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Risk of early death varies greatly from state to state

The most extensive state-by-state health assessment ever conducted in the U.S. has found “dangerous disparities” among states when it comes the risk of premature death.

Researchers from the Institute for Health Metrics and Evaluation conducted the study and found that 21 states have higher rates of premature death among same age residents.

West Virginia, Mississippi, and Alabama are the states with the highest risk of premature mortality while Minnesota, California, and New York have the lowest probabilities.

The study was published in the Journal JAMA and emphasizes the major gaps in our national health-care system.

“We are seeing dangerous disparities among states,” said Christopher Murray, director of the Institute for Health Metrics and Evaluation (IHME). “Unless and until leaders of our healthcare system work together to mitigate risks, such as tobacco, alcohol, and diet, more Americans will die prematurely, and in many cases, unnecessarily.”

For the study, the researchers collected and analyzed data from 1990 to 2016 as part of the Global Burden of Disease Study (GBD).

The goal of the GBD was to conduct an international health assessment that covers 333 diseases and 84 risk factors.

The IHME researchers found that in 2016 the key factors behind the increased risk of premature death in some states were substance abuse, suicide, and alcohol-related conditions.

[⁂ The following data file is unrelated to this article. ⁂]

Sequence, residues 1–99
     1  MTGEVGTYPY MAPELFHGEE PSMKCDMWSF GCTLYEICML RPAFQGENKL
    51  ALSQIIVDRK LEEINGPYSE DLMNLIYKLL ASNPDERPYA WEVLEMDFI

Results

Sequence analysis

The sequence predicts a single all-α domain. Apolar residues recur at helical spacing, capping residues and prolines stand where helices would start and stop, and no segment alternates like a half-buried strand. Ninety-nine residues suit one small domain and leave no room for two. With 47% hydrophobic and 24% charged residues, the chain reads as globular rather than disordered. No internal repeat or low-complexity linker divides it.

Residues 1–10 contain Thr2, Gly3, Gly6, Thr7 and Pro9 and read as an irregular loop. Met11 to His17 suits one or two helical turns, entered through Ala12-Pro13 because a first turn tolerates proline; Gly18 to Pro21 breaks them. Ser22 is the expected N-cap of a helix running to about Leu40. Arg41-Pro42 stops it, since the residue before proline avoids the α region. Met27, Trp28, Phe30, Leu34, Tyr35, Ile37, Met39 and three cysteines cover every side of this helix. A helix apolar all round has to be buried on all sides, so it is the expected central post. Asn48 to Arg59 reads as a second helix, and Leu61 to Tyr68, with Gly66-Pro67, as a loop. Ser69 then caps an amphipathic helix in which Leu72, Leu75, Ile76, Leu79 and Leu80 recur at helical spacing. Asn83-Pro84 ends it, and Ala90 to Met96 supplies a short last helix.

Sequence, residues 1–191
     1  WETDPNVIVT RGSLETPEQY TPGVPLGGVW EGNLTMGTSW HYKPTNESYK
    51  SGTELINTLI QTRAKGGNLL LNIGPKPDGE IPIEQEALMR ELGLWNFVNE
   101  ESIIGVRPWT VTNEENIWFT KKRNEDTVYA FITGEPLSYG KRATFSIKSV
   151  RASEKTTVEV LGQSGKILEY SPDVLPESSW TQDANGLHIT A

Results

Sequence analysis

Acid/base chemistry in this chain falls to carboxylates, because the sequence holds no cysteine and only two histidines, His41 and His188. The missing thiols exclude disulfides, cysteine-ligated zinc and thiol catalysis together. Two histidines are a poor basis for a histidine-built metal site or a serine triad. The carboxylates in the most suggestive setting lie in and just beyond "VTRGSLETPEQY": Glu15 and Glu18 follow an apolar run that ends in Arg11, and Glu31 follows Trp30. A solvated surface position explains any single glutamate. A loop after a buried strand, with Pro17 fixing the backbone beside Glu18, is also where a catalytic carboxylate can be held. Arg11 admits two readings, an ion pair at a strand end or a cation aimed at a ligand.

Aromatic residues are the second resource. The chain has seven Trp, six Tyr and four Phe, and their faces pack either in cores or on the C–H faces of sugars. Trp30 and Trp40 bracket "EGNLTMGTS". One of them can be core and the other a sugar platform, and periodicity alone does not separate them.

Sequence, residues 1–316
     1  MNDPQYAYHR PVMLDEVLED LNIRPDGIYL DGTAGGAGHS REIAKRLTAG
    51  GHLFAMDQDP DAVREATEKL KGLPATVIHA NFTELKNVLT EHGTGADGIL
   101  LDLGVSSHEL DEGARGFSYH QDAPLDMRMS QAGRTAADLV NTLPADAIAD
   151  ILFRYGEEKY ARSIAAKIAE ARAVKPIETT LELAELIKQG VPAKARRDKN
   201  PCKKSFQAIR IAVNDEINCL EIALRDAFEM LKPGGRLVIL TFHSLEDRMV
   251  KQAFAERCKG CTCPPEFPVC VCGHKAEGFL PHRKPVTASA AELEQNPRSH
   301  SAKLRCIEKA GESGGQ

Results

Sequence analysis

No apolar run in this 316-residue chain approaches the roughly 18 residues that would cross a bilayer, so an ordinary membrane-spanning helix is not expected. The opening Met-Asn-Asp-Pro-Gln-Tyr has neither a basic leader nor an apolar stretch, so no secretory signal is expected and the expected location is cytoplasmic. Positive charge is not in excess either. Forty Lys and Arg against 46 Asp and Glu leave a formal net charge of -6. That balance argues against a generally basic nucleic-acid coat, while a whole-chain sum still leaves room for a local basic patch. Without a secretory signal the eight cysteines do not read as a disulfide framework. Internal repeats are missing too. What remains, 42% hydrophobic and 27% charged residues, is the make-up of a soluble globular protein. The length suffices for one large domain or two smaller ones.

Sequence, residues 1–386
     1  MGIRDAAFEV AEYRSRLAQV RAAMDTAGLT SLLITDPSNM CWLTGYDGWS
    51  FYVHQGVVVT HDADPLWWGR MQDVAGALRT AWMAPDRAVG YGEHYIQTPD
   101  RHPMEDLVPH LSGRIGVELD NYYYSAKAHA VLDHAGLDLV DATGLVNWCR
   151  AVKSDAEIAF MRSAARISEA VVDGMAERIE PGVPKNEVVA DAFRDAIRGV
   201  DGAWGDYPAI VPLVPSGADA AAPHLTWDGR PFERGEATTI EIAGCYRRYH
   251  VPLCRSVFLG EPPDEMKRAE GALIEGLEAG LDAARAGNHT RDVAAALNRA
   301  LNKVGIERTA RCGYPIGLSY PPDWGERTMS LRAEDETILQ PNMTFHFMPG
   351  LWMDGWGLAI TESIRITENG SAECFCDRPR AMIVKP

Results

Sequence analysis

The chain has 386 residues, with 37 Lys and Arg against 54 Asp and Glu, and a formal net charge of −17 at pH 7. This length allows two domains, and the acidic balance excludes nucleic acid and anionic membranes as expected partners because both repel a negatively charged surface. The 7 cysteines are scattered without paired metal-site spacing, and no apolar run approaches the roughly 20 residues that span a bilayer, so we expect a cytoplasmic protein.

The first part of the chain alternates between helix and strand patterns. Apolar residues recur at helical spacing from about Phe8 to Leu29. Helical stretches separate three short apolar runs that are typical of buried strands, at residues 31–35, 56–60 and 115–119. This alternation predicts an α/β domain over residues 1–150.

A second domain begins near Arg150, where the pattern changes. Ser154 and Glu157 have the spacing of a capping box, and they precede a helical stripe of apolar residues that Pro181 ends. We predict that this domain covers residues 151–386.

With the current scope and magnitude of the opioid epidemic in America today, it’s not surprising that the study also found that opioid addiction rose from the 11th leading case of disability-adjusted life years (DALYs) in 1990 to the 7th leading cause in 2016.

DALYs is an important metric for measuring the burden of disease. Accounting for years with a disability, researchers can calculate the number of healthy years lost due to disease, drug abuse, and other risk factors.

The study also found that mental health disorders are increasing. For example, major depression disorders rose 27 percent nationwide between 1990 and 2016 and anxiety disorder accounted for 1.7 million disability-adjusted life years in 2016.

“These findings serve as compelling evidence of the need to increase mental health care and screening, as well as programs seeking to prevent mental disorders and to promote mental health,” said Murray.

Other risk factors that account for the wide disparity among states include a high BMI and high fasting plasma glucose, which is linked to diabetes. Smoking also was a major health risk in 2016.

According to the researchers, higher BMIs are increasing health-care costs and reducing the number of healthy years for many Americans.

That there is a such a wide gap between certain states is a major cause for concern. Understanding the risk factors and assessing probabilities of premature mortality is just the first step, and the researchers state that more attention needs to be directed at bettering our health-care system.

“Primary care is our health system’s front line of defense, detection, and treatment,” said Ali Mokdad, a co-author of the study. “Local, state, and federal dollars need to be targeted more effectively for primary care, especially for those millions of Americans not on Medicare.”

By Kay Vandette, Staff Writer

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